According to Mabbott, the goal is to approximate something like the old Gold Box games of yore, but in 3D and with the addition of destructible environments and physics-based interactions. To that end, Subterranea will employ the Dungeons and Dragons version 3.5 ruleset.
An abbreviation of the rather wordy plot premise:
Many decades ago, a fishing village called Gimlet grew on the side of the swamp like a small barnacle. The villagers of Gimlet scraped out a living, catching and selling the odd looking fish they hauled in from the swamp with their homemade nets.
Recently, a threat to Gimlet’s prosperity has emerged. Two survivors of a six-strong harvesting party returned from the swamp with a fevered table of a temple entrance found sunken near the centre of the swamp. The most brave (or foolhardy) of the harvesters broke through the entrance. When their screams rang out across the swamp from within the dark interior, the survivors fled for their lives, never once looking back.
Your party has answered the call and are gathered in the entry room of Gimlet Hall. You and the other adventuring parties eye each other nervously – will you help or hinder each other? A staff strikes the marble floor, the two massive doors swing open and a guard summons you to be addressed by the cabal…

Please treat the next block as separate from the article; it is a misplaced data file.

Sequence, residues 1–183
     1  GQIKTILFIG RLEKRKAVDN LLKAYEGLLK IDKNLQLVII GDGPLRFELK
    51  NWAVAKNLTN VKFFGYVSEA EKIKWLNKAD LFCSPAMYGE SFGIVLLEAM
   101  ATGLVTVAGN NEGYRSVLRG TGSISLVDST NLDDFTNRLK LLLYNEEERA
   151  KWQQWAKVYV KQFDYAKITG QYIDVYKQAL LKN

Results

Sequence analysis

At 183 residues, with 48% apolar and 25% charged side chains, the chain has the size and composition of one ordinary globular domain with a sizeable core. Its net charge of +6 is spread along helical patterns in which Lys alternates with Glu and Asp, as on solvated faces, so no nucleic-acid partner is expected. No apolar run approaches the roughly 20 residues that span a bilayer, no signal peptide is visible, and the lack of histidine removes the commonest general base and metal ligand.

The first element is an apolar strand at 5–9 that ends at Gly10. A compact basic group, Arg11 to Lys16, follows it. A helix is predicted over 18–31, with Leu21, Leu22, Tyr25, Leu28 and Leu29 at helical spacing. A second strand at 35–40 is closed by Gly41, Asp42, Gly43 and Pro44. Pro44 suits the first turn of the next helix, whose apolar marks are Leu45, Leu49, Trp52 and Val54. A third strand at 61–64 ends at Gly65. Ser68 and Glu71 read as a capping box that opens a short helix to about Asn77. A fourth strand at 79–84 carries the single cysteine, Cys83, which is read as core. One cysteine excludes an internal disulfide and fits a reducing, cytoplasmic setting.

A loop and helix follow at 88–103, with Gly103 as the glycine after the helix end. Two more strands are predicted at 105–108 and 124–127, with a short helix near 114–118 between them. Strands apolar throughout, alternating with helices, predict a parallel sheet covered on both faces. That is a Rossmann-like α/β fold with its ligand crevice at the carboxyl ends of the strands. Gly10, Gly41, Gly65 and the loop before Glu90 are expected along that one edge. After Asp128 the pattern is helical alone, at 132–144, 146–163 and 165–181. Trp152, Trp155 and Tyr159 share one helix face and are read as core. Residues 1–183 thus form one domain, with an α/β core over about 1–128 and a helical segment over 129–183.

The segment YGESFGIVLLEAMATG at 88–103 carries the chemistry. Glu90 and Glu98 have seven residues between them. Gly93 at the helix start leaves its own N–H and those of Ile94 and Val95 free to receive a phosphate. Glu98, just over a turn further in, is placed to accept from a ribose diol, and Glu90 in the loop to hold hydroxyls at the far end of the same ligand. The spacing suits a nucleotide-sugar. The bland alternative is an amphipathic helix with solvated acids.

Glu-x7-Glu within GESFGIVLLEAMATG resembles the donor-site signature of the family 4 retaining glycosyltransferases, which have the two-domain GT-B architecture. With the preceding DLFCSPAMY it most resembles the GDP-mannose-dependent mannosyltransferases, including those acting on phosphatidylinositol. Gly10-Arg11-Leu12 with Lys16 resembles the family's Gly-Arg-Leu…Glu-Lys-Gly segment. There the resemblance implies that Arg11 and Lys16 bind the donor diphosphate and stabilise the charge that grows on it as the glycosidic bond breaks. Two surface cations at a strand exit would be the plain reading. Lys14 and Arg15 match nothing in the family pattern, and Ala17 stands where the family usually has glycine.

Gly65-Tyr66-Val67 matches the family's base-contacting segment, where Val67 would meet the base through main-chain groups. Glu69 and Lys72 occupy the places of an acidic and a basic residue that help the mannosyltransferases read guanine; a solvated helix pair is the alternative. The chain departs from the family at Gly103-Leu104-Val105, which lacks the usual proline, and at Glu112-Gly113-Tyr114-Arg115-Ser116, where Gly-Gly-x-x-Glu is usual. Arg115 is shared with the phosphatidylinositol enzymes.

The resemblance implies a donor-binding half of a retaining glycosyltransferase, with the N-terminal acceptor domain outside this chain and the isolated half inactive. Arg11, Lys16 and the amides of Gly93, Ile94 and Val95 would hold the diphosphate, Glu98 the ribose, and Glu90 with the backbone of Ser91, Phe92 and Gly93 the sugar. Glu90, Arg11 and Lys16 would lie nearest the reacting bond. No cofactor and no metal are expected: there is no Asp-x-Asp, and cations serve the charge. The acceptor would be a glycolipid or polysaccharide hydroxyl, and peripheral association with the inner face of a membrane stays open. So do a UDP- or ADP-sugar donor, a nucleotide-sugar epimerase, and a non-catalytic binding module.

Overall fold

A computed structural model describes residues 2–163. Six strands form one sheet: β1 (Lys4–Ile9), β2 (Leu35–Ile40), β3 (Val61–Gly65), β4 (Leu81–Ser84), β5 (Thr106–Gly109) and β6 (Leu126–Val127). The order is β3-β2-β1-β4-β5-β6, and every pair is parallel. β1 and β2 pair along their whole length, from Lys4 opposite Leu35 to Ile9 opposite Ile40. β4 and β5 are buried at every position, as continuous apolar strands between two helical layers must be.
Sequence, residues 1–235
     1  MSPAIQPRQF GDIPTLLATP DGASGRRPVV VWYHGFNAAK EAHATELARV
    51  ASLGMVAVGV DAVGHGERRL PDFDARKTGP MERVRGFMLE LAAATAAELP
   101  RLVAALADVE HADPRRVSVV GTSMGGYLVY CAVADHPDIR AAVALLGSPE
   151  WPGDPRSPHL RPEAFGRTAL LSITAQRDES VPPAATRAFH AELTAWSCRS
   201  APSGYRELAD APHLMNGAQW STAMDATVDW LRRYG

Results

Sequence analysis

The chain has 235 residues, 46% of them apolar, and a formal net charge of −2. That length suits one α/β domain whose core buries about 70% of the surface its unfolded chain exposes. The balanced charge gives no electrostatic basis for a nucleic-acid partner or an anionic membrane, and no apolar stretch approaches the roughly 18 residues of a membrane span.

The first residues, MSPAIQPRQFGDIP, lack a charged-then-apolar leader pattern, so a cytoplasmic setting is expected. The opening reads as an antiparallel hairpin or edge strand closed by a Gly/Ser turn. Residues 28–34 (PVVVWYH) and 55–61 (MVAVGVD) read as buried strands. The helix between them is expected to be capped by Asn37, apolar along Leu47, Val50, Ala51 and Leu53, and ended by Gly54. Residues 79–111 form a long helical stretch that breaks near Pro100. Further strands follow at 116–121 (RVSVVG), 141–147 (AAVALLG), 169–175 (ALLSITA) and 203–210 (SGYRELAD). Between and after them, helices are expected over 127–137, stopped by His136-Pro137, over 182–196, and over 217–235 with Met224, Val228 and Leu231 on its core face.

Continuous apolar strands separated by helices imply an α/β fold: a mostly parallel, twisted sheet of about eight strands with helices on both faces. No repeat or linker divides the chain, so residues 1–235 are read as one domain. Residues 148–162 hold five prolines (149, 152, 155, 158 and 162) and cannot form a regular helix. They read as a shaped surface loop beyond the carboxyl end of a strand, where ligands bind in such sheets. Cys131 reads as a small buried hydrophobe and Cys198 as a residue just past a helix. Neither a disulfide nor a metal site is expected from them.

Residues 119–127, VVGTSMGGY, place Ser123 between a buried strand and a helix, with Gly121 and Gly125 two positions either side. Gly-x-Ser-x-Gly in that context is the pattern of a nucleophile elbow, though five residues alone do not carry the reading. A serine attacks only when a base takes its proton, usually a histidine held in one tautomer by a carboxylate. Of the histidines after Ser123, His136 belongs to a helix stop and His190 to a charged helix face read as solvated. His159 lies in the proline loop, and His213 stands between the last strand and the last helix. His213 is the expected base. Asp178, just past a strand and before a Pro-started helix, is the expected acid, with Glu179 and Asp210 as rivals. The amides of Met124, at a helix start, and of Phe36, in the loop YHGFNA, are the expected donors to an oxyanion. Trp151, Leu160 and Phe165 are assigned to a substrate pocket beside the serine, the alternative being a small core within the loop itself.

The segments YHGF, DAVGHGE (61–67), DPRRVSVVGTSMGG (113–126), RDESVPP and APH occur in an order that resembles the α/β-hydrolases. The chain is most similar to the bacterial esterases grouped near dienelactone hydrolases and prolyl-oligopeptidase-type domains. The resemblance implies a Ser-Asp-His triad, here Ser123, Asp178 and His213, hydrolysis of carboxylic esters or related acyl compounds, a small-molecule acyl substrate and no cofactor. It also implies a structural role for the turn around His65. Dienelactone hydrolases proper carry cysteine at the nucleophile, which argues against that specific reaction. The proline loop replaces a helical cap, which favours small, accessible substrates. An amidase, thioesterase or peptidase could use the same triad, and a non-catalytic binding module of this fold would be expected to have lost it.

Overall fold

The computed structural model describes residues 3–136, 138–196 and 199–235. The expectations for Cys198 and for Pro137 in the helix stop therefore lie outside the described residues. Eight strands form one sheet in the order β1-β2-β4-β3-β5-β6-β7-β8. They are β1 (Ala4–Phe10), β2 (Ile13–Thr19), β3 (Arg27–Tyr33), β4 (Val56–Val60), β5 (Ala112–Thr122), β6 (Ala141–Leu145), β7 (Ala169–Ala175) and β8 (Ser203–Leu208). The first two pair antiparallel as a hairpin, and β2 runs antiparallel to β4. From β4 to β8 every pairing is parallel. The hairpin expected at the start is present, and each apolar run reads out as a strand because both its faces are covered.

Among the game’s planned features:
- Tactical combat with cover and elevation effects
- Create a party of up to 6 custom characters
- Heavy use of physics in destructible environments
About those physics and destructible environments–check out what happens roughly 30 seconds into this video:
The game’s presentation is obviously still a bit rough at this point, but I’d be lying if I said I didn’t feel a little rush of glee when that bridge collapsed and the enemies fell to their deaths. Besides, the game’s in pre-alpha–there is plenty of time to polish things up!
Subterranea is planned for a simultaneous Windows and Linux release in March 2015.